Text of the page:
Front squats require a lot of knee flexion and place considerable stress on the knees. This can be problematic for those with knee issues, particularly if they lack the necessary mobility and strength.

What to do instead: Sled Pushes

sled push illustration exercise

Sled pushes are an excellent alternative. They provide a great workout for your quads, glutes, and hamstrings without the same level of knee strain. Plus, they're adjustable in terms of weight and intensity, making them suitable for various fitness levels.

Push the sled for three to four sets of 15 to 20 yards. Rest for 60 seconds between sets.

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6. Stairmaster

The Stairmaster involves continuous, repetitive motion that can be tough on the knees, especially if you have existing pain or conditions like arthritis. The constant step-up motion can exacerbate knee issues over time.

What to do instead: Reverse Sled Pulls

Reverse sled pulls offer a knee-friendly way to build lower-body strength and endurance. This exercise emphasizes the posterior chain (glutes and hamstrings) and can improve knee health by strengthening the muscles that support the joint.

Pull a light sled for 60 seconds, followed by a 60-second rest period. Repeat this for 10 to 15 rounds.

7. Leg Press Machine

leg press

The leg press machine can place a lot of stress on your knees, particularly if you go too deep or use excessive weight. The fixed path of the machine also doesn't allow for natural knee movement.

What to Do Instead: Seated Leg Extensions

leg extension illustration

Seated leg extensions are a better alternative for isolating the quadriceps without putting as much stress on the knee joint. Make sure to use a manageable weight and focus on controlled movements to avoid strain. Complete three sets of 12 to 15 reps. Rest for 60 seconds between each set.

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8. High-impact Aerobics

jumping jacks

High-impact aerobics, with lots of jumping and rapid direction changes, can be harsh on the knees. The repeated impact and lateral movements can aggravate knee pain and lead to injury.

What to do instead: Low-impact Cardio


Low-impact cardio options like swimming, cycling, or using an elliptical machine provide a great cardiovascular workout without added stress on your knees. These exercises allow you to stay active and maintain your fitness levels safely.

Replace your high-intensity exercises with knee-friendly, low-impact options. Aim to perform these movements for the same duration as your high-impact workouts, ideally 30 to 60 minutes per session.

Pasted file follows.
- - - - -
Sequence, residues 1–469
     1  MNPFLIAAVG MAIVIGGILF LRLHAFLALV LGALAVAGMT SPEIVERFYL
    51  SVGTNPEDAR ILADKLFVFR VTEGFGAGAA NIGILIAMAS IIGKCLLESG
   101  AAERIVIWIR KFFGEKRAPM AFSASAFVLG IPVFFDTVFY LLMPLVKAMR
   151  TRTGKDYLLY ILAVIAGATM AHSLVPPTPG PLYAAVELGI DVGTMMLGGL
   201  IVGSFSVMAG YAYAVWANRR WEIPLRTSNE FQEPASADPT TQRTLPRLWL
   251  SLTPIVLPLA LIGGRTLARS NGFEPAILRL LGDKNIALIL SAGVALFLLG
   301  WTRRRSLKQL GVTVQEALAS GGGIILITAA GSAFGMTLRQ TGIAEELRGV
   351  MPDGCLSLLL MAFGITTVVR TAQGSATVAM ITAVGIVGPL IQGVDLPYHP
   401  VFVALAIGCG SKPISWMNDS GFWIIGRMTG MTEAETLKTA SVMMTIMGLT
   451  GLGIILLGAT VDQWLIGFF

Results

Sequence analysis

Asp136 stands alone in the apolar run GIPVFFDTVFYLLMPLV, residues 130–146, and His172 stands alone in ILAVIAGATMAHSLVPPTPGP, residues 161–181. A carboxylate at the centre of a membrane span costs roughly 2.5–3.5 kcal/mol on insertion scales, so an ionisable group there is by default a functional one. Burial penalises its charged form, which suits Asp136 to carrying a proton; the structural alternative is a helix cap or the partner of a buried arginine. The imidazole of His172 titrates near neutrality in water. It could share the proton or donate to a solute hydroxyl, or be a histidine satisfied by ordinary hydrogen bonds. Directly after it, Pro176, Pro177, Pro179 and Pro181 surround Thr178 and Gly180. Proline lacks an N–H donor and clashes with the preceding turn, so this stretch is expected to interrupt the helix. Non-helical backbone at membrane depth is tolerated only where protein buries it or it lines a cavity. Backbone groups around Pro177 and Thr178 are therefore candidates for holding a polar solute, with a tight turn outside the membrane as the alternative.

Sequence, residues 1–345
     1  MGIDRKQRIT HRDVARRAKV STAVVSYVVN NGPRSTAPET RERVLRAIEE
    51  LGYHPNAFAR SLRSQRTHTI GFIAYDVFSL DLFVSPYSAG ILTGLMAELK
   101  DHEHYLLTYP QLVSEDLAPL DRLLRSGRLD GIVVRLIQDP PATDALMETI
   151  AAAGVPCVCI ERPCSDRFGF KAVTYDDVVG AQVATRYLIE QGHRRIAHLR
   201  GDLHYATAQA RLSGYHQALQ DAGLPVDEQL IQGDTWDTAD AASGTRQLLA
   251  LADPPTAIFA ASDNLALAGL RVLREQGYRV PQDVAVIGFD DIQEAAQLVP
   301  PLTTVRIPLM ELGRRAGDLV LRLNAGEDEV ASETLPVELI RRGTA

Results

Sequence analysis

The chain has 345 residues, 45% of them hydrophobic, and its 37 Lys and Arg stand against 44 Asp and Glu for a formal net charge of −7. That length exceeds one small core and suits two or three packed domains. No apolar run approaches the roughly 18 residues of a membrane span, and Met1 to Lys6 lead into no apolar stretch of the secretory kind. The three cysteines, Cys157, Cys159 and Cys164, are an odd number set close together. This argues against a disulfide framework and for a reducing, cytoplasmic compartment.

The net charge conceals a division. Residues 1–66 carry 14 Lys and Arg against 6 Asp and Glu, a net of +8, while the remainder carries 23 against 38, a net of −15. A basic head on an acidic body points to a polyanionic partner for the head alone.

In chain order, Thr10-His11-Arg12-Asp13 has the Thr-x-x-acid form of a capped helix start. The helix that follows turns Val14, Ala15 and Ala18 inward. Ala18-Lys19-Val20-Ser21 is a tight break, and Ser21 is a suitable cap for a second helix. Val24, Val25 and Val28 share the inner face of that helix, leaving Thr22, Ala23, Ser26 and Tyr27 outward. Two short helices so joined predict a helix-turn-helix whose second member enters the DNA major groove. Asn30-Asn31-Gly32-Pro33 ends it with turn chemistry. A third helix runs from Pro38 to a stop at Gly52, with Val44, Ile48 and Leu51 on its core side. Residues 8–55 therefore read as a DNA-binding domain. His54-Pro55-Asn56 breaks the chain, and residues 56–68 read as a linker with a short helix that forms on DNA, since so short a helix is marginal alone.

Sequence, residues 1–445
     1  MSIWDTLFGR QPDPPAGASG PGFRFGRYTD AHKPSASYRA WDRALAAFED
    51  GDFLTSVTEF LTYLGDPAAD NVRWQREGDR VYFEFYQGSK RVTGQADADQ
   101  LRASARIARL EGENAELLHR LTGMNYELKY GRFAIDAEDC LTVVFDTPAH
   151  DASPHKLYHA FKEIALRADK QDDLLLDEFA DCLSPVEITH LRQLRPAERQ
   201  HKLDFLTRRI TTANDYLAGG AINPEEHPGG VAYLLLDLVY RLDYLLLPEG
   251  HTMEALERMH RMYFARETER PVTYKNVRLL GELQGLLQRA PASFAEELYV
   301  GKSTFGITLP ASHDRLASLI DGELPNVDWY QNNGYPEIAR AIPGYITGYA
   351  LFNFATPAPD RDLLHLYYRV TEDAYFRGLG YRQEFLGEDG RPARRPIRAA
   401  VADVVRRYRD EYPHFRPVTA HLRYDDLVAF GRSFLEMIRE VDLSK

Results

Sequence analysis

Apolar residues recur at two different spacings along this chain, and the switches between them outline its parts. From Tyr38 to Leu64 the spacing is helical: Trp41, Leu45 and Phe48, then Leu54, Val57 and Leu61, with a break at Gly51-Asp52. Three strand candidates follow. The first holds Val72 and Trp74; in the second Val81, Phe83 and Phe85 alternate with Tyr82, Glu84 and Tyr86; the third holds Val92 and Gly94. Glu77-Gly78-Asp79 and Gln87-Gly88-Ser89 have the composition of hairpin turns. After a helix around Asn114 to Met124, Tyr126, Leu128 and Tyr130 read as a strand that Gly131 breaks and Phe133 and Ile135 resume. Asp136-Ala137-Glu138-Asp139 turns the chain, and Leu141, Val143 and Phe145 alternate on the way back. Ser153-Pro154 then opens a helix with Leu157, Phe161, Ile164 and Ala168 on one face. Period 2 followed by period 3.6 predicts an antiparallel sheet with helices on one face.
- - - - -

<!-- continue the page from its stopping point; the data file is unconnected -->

9. Lateral Lunge

illustration of lateral lunge

Lateral lunges require a significant range of motion and stability, putting a considerable load on the knee joint, especially the inner knee. This movement can be particularly harsh if you already have knee pain or instability. The lateral motion and deep knee bend can stress the medial and lateral ligaments, potentially worsening existing conditions.

What to do instead: Lateral Sled Drags

The lateral sled drag is an excellent alternative that still targets the muscles involved in lateral lunges but with less impact on the knees. This movement engages your glutes, hips, and core while minimizing knee strain.

To perform this exercise, attach a sled with a moderate weight and stand to one side of it. Grab the handles or ropes, brace your core, and take controlled side steps, dragging the sled. By maintaining a steady motion, you can build strength and stability in your lower body without putting excessive pressure on your knees. Complete three sets of eight to 12 steps per side. Rest for 90 seconds between sets.

10. Burpees


Burpees are a high-intensity, full-body exercise that involves a lot of jumping and rapid movement changes, which can be very taxing on the knees. The repetitive impact from jumping and the quick transitions from standing to a plank position can aggravate knee pain and potentially lead to injury. For individuals with knee issues, burpees can place unnecessary strain on the joints and exacerbate discomfort.

What to do instead: Thrusters from a Box

Thrusters from a box are a knee-friendly alternative that still provides a great cardiovascular workout and engages multiple muscle groups.

To perform this exercise, sit on a box or bench with your feet flat on the ground. Hold a pair of dumbbells at shoulder height. Stand up by driving through your heels, and press the dumbbells overhead as you reach the top. Return to the sitting position on the box and repeat.

This variation reduces the impact on the knees by eliminating the jumping component and providing a stable base. Focus on maintaining good form, engaging your core, and using controlled movements to ensure an effective and safe workout. Perform three to four sets of 10 to 15 reps. Rest for 60 seconds between sets.

Jarrod Nobbe, MA, CSCS
Jarrod Nobbe is a USAW National Coach, Sports Performance Coach, Personal Trainer, and writer, and has been involved in health and fitness for the past 12 years. Read more about Jarrod